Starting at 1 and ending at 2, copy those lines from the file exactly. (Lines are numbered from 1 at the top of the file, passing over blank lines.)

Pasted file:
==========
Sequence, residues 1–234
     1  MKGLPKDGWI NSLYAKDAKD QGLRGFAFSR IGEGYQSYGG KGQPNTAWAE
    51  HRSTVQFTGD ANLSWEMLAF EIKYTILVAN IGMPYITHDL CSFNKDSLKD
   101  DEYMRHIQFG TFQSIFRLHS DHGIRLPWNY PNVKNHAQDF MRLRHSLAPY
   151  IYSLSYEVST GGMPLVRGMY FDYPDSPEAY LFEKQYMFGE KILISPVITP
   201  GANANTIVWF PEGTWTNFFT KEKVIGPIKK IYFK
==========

Sequence, residues 1–234
     1  MKGLPKDGWI NSLYAKDAKD QGLRGFAFSR IGEGYQSYGG KGQPNTAWAE